COLCHICINE-PCI Trial Reveals no Benefit of Colchicine Given Orally Prior to PCI

Nov 18, 2019 | Colchicine, Heart Disease, Inflammation, Percutaneous Coronary Intervention

COLCHICINE-PCI Trial Reveals no Benefit of Colchicine Given Orally Prior to PCI

A clinical investigator from the VA New York Harbor Healthcare System in New York, NY, recently presented results of the COLCHICINE-PCI trial to the American Heart Association 2019 Scientific Sessions.  The investigators found that colchicine given orally prior to percutaneous coronary intervention (PCI) in all-comers population doesn’t reduce procedure-related myocardial injury but does appear to attenuate the inflammatory response reports the Cardiovascular Research Foundation’s TCTMD.

Good News then Bad News

Unfortunately this trial’s disappointing results came a day after the presentation of COLCOT, which evidenced that colchicine, an anti-inflammatory agent already indicated for use in gout and pericarditis, lowered the risk of ischemic cardiovascular events after recent STEMI study.


COLCHICINE-PCI randomized 714 patients to 1.2 mg of oral colchicine or placebo, 1 to 2 hours before catheterization. More than half of the patients had ACS and the majority had complex coronary disease. The primary outcome of PCI-related myocardial injury, based on troponin changes according to the universal definition of MI, was no different between groups, occurring in 57.3% of colchicine-treated patients and 64.2% of placebo-treated subjects (P = 0.19). Likewise, no differences were seen for a range of 30-day MACE outcomes.

For the inflammatory biomarker sub study, investigators saw no between-group difference in the primary biomarker endpoint of percent change in plasma IL-6 concentration between baseline and 1 hour post-PCI. However, a number of secondary biomarker endpoints were promising. These included minimal changes from baseline to 22-24 hours post-PCI in the colchicine group both in high-sensitivity C-reactive protein (hsCRP) and plasma IL-6 concentration, changes that were significantly less than those seen in placebo-treated patients. Of note, there was no difference seen in terms of treatment effects according to whether patients had ACS as the indication for PCI, presence or absence of an intraprocedural complication, or statin therapy status.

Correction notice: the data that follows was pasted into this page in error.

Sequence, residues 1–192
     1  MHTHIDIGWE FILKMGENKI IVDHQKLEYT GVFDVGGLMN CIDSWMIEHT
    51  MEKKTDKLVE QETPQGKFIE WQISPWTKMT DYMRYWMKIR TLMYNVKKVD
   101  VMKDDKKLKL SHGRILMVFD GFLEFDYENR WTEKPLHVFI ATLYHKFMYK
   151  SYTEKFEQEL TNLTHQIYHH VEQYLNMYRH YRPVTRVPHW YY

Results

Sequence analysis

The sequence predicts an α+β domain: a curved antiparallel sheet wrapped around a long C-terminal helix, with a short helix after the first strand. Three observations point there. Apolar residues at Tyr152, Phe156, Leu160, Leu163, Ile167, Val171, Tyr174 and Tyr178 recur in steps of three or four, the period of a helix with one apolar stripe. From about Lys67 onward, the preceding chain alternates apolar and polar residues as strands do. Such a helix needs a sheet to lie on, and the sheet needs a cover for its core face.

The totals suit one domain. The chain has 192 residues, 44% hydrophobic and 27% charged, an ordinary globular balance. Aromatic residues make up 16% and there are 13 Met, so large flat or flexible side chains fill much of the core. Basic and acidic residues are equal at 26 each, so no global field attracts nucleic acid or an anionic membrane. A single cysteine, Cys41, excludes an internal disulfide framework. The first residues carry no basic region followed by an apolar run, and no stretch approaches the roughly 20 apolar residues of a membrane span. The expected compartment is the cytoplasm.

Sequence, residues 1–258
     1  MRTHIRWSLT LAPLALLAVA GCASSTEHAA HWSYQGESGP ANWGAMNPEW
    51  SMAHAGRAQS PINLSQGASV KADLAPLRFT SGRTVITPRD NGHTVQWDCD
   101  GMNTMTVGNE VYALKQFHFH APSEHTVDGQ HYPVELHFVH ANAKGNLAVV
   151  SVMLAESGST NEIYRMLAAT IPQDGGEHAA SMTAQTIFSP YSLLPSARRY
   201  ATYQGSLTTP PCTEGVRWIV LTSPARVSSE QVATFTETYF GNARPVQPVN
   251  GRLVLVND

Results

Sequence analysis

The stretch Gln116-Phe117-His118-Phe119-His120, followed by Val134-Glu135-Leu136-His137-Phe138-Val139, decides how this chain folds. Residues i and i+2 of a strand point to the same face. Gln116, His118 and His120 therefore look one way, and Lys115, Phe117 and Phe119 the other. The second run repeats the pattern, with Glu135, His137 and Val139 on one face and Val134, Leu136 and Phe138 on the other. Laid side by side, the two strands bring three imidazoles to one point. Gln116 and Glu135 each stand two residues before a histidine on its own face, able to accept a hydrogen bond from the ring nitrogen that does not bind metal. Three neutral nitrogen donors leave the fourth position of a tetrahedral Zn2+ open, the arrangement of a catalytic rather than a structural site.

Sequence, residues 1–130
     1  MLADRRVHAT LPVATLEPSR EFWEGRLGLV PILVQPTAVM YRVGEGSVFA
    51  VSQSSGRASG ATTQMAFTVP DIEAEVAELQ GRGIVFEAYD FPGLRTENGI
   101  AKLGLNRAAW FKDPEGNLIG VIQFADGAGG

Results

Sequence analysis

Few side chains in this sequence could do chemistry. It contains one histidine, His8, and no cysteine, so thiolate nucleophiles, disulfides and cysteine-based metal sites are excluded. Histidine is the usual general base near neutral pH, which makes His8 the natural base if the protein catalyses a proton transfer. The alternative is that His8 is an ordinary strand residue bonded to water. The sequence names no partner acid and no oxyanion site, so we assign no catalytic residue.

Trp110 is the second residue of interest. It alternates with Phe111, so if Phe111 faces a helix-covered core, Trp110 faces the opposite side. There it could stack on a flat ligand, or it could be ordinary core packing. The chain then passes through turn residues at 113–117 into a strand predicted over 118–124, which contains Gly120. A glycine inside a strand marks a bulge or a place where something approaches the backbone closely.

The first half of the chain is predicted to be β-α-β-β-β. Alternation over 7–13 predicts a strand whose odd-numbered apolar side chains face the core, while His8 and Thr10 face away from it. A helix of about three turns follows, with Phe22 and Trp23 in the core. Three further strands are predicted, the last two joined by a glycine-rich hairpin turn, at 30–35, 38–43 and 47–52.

“Compared with placebo, short-term preprocedural colchicine did not reduce PCI-related myocardial injury or MACE at 30 days, but did attenuate PCI-related increases in IL-6 and hsCRP concentration at 24-hours post-PCI,” concluded Binita Shah. “This is the first study to demonstrate that an oral load of colchicine prevents a rise of inflammatory biomarkers in acute injury.”

What is Colchicine

Colchicine is a medication used to treat gout and Behcet’s disease. For gout, it is less preferred to NSAIDs or steroids. Other uses include the prevention of pericarditis and familial Mediterranean fever. The drug is consumed orally. It is a form of autumn crocus and safely used as early as 1500 BC to treat joint swelling. It was approved for medical use in the United States in 1961. It is available as a generic medication in the UK where a month’s supply costs the NHS about £7.27, as of 2019. In the U.S., the wholesale cost of this amount is about $252.20

Next Steps

Subodh Verma, MD, University of Toronto/St. Michael’s Hospital, Canada, reports that the study was “important” and noted that investigators should take note and utilize observations in any published materials including the information on baseline inflammatory markers. For example, he noted that analysis of the CANTOS trial suggested that patients who responded the most to canakinumab, another anti-inflammatory agent, appeared to derive the greatest benefit from the therapy.

Verma suggests that perhaps the emerging data on colchicine leads to the possibility that It could play an important role in patients following an MI, as per the COLCOT study. This data may also reveal importance in the acute, peri-STEMI period, a question being studied in the 4000-patient, CLEAR SYNERGY (OASIS 9) trial. TCTMD noted that Verrma concluded that as far as the role for colchicine in the PCI setting he is not certain of an answer as of yet.  In fact, TCTMD reported that Shah told them it was still worth investigating in addition to exploring “longer duration of therapy and different doses of the drug.” TCTMD also reports that Shah is conducting a biomarker sub study within the CLEAR SYNERGY trial.                                                                           

Lead Research/Investigator

Binita Shah, Manhattan Campus of the VA NY Harbor Healthcare System, New York, NY 

Source: tctMD


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